“My grandpa was a pediatrician, and for years his name was in the phone book,” Oberst says, reaching down from the couch to pet one of his dogs.
“His phone would ring all the time at one in the morning. ’ ” The attention could, and did, take more sinister turns.
But until Oberst crash-landed here late last year, at the end of an emotional and physical tailspin that began in late 2013, when a fan falsely accused him of rape, culminating in his being hospitalized, he hadn’t lived full time in Nebraska since his early 20s.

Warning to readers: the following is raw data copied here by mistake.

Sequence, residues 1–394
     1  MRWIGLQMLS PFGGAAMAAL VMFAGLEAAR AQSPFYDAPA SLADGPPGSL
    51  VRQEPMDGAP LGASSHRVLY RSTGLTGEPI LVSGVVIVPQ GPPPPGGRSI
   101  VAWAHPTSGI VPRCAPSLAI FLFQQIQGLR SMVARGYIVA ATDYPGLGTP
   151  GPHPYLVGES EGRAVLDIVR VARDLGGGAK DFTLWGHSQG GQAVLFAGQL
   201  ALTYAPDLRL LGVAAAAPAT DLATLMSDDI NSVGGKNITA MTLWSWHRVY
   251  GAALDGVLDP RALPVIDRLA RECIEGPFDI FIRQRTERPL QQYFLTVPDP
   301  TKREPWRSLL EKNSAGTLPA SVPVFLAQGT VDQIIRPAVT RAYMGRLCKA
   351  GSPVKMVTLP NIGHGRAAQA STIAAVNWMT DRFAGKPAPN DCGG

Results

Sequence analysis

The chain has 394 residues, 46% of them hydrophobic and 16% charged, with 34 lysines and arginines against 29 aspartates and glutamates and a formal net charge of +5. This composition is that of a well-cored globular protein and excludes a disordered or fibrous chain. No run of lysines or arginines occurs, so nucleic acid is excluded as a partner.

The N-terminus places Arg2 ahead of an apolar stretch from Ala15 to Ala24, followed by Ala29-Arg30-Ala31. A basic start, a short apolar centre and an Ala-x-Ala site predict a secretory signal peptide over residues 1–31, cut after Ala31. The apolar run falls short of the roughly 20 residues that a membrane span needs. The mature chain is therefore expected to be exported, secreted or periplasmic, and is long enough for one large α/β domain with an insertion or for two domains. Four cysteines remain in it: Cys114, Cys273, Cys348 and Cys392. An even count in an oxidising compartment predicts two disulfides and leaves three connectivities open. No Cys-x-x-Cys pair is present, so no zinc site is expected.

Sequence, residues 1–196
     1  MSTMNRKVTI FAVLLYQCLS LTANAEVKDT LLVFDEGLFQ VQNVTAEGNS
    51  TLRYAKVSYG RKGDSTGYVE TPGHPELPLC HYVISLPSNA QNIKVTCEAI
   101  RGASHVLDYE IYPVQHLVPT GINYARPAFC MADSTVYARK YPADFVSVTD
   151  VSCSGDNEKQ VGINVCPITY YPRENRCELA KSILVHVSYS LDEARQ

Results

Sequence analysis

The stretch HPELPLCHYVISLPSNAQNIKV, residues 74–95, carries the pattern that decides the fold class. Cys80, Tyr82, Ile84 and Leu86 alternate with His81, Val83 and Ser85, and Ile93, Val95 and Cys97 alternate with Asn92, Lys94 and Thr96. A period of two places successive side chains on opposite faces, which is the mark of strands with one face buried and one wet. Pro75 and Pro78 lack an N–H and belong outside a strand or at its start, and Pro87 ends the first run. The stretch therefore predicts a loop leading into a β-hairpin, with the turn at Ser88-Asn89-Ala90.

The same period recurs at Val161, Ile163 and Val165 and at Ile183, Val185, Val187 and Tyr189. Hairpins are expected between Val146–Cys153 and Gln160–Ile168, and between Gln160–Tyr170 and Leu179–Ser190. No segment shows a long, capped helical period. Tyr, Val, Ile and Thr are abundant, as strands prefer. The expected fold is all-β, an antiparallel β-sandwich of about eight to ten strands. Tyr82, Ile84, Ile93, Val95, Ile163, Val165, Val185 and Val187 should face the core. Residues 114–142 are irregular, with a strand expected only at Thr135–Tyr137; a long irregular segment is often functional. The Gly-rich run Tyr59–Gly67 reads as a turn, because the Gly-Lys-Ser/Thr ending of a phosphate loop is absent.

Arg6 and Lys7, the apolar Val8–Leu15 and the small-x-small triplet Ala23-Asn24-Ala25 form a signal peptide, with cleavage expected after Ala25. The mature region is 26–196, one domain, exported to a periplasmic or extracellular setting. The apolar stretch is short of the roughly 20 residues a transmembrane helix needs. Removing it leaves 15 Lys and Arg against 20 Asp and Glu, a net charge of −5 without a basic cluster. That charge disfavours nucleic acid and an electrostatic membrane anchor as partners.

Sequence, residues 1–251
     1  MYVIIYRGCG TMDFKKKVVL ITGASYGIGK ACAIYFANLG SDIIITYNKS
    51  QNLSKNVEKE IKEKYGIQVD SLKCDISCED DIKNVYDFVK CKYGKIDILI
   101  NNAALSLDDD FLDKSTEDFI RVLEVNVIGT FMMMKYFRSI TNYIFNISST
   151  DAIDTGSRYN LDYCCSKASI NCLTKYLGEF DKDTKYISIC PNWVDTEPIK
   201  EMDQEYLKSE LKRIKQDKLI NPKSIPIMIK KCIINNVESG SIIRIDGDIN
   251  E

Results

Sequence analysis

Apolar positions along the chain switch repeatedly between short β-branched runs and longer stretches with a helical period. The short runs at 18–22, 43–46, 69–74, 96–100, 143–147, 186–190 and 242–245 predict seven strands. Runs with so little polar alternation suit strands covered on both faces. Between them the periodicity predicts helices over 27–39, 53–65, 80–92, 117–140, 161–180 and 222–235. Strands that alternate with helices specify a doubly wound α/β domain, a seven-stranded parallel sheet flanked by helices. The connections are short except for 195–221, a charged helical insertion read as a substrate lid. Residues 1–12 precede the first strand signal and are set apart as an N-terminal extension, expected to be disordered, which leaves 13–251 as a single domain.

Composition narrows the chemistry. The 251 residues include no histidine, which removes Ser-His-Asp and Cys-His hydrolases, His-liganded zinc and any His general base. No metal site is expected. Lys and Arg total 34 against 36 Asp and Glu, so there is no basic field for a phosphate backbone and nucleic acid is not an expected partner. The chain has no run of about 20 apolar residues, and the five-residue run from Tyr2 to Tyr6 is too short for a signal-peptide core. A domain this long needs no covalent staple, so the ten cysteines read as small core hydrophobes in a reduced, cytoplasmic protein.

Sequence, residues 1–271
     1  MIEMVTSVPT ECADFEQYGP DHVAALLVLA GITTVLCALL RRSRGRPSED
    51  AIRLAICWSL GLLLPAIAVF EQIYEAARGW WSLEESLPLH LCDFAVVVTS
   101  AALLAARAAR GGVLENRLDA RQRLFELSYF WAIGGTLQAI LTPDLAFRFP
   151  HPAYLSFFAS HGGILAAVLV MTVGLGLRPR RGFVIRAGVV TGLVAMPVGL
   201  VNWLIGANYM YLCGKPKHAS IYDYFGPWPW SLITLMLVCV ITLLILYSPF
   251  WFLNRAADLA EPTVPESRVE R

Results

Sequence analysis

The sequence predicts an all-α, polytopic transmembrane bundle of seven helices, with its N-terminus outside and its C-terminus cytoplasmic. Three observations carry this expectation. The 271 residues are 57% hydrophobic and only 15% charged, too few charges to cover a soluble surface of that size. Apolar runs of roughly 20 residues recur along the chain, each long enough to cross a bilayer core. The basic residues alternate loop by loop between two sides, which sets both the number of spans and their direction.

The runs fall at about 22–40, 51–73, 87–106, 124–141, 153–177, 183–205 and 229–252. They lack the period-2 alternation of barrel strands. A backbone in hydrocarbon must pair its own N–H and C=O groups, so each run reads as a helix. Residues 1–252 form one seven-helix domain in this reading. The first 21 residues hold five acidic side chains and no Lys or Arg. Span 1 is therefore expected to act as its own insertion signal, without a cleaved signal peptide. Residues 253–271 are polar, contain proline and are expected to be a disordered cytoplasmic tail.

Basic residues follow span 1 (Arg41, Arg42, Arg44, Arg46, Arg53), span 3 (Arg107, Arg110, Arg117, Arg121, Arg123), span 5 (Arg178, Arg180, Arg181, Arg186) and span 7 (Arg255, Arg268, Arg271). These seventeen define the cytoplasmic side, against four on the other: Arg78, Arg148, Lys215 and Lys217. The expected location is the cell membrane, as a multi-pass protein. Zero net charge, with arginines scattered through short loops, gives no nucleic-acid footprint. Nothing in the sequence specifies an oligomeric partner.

He hasn’t made an album like Ruminations since then, either.
In his denim vest, black jeans, and boots, mirrored Wayfarers hanging from the neck of his T-shirt, Oberst looks like an older but not particularly grown-up version of the sensitive boy wonder he was when he first emerged from the heartland a decade and a half ago, a persona subsequently name-checked in Jonathan Franzen’s Freedom as shorthand for privileged 21st-century idealism.